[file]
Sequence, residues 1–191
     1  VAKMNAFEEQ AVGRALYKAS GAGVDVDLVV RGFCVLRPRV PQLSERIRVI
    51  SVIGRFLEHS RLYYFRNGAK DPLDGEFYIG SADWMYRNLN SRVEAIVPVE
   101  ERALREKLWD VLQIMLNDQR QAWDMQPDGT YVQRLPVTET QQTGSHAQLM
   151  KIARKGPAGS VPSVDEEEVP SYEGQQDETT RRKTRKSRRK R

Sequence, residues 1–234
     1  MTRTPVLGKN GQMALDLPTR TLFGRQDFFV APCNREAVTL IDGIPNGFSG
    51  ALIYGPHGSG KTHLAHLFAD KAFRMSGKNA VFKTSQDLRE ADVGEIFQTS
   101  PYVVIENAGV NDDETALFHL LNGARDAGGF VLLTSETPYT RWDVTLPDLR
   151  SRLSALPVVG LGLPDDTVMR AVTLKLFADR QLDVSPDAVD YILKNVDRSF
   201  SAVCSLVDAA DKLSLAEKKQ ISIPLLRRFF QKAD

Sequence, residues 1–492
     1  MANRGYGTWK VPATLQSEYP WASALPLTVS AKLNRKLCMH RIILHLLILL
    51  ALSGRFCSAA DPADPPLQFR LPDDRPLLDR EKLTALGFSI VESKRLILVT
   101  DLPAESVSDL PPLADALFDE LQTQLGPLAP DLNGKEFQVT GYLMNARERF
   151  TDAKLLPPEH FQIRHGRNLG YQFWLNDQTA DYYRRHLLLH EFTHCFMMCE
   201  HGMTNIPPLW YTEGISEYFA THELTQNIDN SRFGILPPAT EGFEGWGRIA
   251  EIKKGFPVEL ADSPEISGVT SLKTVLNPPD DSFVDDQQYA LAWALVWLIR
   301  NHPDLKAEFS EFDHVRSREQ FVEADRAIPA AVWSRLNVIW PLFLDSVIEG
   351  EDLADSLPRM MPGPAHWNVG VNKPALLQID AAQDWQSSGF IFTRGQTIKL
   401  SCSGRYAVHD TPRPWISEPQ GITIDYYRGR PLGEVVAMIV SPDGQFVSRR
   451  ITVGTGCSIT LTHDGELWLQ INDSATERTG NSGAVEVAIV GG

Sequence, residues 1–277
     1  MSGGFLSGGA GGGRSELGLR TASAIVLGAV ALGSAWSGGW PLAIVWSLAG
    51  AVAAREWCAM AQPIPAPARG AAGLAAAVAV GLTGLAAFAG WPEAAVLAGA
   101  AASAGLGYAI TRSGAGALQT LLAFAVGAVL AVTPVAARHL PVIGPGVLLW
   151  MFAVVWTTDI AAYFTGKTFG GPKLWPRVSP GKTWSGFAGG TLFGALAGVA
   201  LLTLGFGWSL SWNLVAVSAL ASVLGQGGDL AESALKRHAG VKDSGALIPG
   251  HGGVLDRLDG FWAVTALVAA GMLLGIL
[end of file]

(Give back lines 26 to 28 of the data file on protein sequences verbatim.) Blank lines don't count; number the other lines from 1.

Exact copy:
   101  AASAGLGYAI TRSGAGALQT LLAFAVGAVL AVTPVAARHL PVIGPGVLLW
   151  MFAVVWTTDI AAYFTGKTFG GPKLWPRVSP GKTWSGFAGG TLFGALAGVA
   201  LLTLGFGWSL SWNLVAVSAL ASVLGQGGDL AESALKRHAG VKDSGALIPG